Addressing the renowned methodological works of T. Kuhn and I. Lakatos, it is necessary to note that they are focused on researchers and their activities, not requirements of a future theory and its architectonics. This is what explains the numerous studies on psychological problems and stimulations of researchers, unrelated to theory itself. Through analyzing the consecutive process of scientific research, T. Kuhn constructs the cognitive scheme within “paradigms” while I. Lakatos utilizes “research programs” (Kuhn 1977, 1994; Lakatos 1995). According to Quine (1979), scientific method is recognized by “sensory stimuli, a taste for simplicity in some sense, and a taste for old things” (p. 23). According to the currently popular opinion of Lakatos (1970, p.100), “If a research program progressively (i.e. predicting novel facts — “progressive problems shift”) explains more than a rival, it 'supersedes’ it”. This point of view seems justified in evaluation of a researcher’s activity preceding creation of a theory. But as a requirement to theory itself it is insufficient.
Noted, Stepin (2000) expresses the following idea: “In principle it can be said that even in the most advanced research of foundations of science (which include T.Kuhn’s works) western philosophy of science is not analytic enough. It has not determined what the main components of foundations of science are and how they are connected…” (p.188).
Research entities, language and fundamentals of various theories are obviously different, however the laws of logical inference and structure of correct deductive theories (in other words, “rules of all thought, whether it be a priori or empirical, whatever be its origin or its object” as well as “the faculty of reason in general, in respect of all knowledge after which it may strive independently of all experience” (Kant 1929, 9, 18) do not depend on object domain. Correct conclusions, reliable technologies that prevent houses from crumbling, planes from falling, state, industrial and personal relations from coming to catastrophe can only be obtained through argumentum omni denudatum argumento (proof devoid of all decoration) — a condition that is not always fulfilled in sociopolitical research.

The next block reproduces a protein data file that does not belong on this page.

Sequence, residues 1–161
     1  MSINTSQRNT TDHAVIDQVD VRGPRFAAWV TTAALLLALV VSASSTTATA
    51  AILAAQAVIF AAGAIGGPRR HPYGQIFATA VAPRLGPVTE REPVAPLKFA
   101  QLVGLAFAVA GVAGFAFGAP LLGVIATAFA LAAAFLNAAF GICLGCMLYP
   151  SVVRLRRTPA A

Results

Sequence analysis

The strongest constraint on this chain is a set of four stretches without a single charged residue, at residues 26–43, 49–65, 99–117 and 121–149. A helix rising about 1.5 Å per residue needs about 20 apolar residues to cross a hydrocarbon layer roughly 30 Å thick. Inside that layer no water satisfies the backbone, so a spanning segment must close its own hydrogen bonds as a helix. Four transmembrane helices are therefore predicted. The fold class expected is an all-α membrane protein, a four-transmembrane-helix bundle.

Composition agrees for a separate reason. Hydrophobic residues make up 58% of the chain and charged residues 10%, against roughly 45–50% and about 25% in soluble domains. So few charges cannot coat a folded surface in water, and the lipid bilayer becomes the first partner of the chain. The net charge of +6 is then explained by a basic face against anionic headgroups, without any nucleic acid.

The approach described in (Lipkin 2015) denoted as “objectbased” indicates a somewhat different (also possible) scheme of constructing physical theories.
Outlining the scheme of constructing scientific theories (pragmatic included) we should note the specificity of pragmatic analysis and identify sequential actions in analysis of real pragmatics (historical process in particular) when “the active subject of cognition is in the studied realm” (Stepin 2000, p.625). Details of pragmatic analysis and practical results of its application are thoroughly studied in (Zholkov 2015).